Written by William Clark
Written by William Clark
Many an adventure has been set in the United States but now the states are set in an adventure. See if you can locate the names of fifty states hidden in this story. There is a prize if you find fifty two -- a strong pair of glasses!
'You are quite ineffectual... a bam... a total dead loss.' she had yelled.
I was no intellectual as Karen 'stone bras Karen' well knew. We could never connect. I cut and ran, of course, not trying to explain the blow on the head.
In the distance I heard a dog bark. An SAS captain from England had once told me that the only thing to fear was fear itself. I had to keep calm. My face by this time was florid. A bead of sweat trickled down my nose. It seemed an age since I had discovered the ore gone. I decided to head south. Carol in a moment of insight had bought a trailer on Ida Holloway's farm. I would be safe there.
Over the door the flowery branches of mimosa hung in a mass. 'ACHUSETTS!' I sneezed. It wasn't locked. In the dim interior I pulled out the parchment. It had a strange yellow color. A dot followed by 'zl' drew my attention.
I nearly committed hari kari. "Z" on an end line! How could I have missed it before?' I exclaimed. Perhaps Karen's opinion of my brain power was correct. Outside I heard the Rhode Island Reds clucking, a distant radio was playing swing time. I had to concentrate. That radio was definatly not playing our tune!
OK, "l" a homage to the gods. No... think, it was a "1", a number. It leaped into mind like a flash flood - Akaha wa...I instantly stopped, dumbstruck, then continued aloud 'was the high Chief.' He must have known where the gold was hidden. So I had been right all along. But how did the Diana connection come in? Diana of course, she was the Ancient Greek goddess of hunting.
A knock rattled the door. Hastily I hid the parchment behind a picture of some toukans (As you can see, I can't spell either, Karen.) It was Ada's husband. 'O, hi, Ollie,' I stammered.
'I brought your bill in.'
'Oi,' said I, 'that's not due for a week yet.'
'You can afford it', he grinned, 'I heard you and Karen struck it lucky up on the old Akaha range.'
'You are mistaken; tuck your shirt in and take a seat,' I growled. 'It was my cousin, Louis. I analysed his response - sure, he knew I was lying.
'Strange,' he muttered, 'was told by old Joe Decali. For ni above forty years I've known him; never wrong, old Joe.'
I offered him coffee, the percolator was a new model. Aware of his interest in anything new I thought it might put him off. But no.
'When Joe was up North - "Dakota Joe" they called him in those days - he heard tell of an Indian cache. He and his old mule, Mary landed lucky a few times but never the big one, nothing large or giant like.' he continued.
'Look, Ollie,' I sighed. 'Pull up a chair. I'd better come clean. I've had a run in with Penn.'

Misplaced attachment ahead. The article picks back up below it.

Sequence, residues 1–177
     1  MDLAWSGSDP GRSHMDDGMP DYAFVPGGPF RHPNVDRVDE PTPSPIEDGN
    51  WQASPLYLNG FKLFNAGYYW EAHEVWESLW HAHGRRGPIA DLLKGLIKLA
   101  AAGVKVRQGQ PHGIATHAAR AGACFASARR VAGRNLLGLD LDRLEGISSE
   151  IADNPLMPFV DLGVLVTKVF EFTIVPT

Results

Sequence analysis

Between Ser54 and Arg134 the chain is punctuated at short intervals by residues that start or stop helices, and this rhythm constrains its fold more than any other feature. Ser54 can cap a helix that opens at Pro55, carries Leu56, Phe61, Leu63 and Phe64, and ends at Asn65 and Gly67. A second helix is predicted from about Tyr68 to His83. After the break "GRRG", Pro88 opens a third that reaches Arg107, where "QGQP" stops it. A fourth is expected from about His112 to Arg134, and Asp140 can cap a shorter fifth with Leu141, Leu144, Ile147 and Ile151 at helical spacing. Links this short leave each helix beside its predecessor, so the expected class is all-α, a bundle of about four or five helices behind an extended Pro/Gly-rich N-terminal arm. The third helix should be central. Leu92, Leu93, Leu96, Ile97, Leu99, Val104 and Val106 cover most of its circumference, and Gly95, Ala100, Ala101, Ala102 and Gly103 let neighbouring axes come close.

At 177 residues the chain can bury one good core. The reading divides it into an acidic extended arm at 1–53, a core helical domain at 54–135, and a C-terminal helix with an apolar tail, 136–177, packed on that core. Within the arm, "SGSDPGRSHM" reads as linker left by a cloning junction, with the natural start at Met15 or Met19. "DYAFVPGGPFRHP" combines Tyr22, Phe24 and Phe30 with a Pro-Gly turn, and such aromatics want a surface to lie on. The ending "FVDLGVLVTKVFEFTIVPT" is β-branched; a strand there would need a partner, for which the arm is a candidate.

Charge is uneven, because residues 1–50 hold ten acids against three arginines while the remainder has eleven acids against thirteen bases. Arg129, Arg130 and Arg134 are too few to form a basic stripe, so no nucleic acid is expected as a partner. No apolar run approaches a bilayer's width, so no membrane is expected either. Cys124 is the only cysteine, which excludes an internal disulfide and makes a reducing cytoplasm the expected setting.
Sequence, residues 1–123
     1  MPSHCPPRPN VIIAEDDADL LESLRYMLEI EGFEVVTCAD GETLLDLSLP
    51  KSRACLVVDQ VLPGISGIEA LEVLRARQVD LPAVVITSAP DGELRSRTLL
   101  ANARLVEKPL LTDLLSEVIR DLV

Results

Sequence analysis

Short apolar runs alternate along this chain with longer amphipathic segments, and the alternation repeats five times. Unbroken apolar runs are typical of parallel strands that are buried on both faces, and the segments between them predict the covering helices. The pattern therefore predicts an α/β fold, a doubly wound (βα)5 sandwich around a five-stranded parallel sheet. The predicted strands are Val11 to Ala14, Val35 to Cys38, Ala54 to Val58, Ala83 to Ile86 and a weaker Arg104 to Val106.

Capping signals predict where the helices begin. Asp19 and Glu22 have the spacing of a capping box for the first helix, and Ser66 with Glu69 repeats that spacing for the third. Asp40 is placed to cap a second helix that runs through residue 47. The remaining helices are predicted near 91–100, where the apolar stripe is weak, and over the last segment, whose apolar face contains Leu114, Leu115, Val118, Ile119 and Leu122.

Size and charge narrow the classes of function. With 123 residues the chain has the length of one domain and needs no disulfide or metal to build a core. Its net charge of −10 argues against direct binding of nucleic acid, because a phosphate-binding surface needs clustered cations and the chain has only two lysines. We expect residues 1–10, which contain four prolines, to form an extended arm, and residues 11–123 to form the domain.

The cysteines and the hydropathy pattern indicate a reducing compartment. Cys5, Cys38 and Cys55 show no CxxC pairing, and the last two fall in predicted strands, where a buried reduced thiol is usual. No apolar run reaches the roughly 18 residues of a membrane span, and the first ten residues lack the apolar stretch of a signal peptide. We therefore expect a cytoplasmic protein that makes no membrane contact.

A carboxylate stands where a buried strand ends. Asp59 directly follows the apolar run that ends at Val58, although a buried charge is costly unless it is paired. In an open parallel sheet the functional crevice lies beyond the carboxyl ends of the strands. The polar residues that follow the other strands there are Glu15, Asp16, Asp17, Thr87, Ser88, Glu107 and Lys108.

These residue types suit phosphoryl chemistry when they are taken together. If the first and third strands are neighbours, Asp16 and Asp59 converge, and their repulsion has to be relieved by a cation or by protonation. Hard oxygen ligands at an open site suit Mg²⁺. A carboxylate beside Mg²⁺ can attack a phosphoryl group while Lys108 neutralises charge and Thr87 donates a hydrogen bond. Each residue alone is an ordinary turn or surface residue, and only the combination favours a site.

'Sylvania Penn! That old virgin I already know,' he stuttered, his butt heading South, 'Dakota Joe told me all about her.' The chair wobbled and creaked. 'With that miss our instant reaction should be to flee.'
I nodded. 'That miss is sipping the life blood from the entire West. Virginal or not she must be near a hundred if she's a day, and getting greedier.'
The door burst open - it was Gandolf Bates, Sylvania's English butler. 'A showy 'oming pigeon told me you might be 'ere,' he smirked.
Karen, I guessed. Cosmic! 'Hi Ganny,' I simpered, apprehensively, knowing he hated the nickname
Ollie jumped nervously to his feet. 'I got washing to night,' he blubbered. 'It's nearly new.'
'Yorkshire, where I come from, the men never wash,' boasted Bates
'Figures,' I muttered, determined to be brave.
'New jersey,' continued Ollie, 'brand new.'
'Hampshire, where I was brought up,' sniffed Bates disdainfully, 'we never wash our jerseys, we make the women knit new ones.
''Min. nesot. a.' gabbled Ollie tears stinging their way down his grizzled old cheeks.
'He min. means creosote, he fell in it,' I explained coolly. 'Which is where I am going to throw you.' Act tough, I told myself hoping he wouldn't notice the quaking. 'I'll count to ten.'
'Nesseeceree, that is not,' Bates replied, mocking Ollie's accent. He took a package from his pocket. 'Semtex - a simple press and BOOM!'
I heard a car and glanced at the window to the north. Carol, in a jeep, was arriving at high speed.
I turned to Ollie, 'ask mum: is sis sipping the gin again?' He caught on, 'It wouldn't be new.'
'Mexicology is my hobby,' Bates snarled. 'I know that is where you got the parchment from. 'and it over or.'
'But ah ain't got none,' whined Ollie, not understanding.
'The main elements of the puzzle, Sylvania already knows,' continued the blighty butler 'but that now is consined (sorry, Karen) to history.'
Carol burst in.
'Eva, darling.' I greeted her. It was essential that Bates did not realize who she really was.
'Mont a na.' I chanted in the ancient language.
Bates screamed. 'No. never, mont.'
But he was too late - Carol sank her fangs into his neck.
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Copyright W.Clark 2007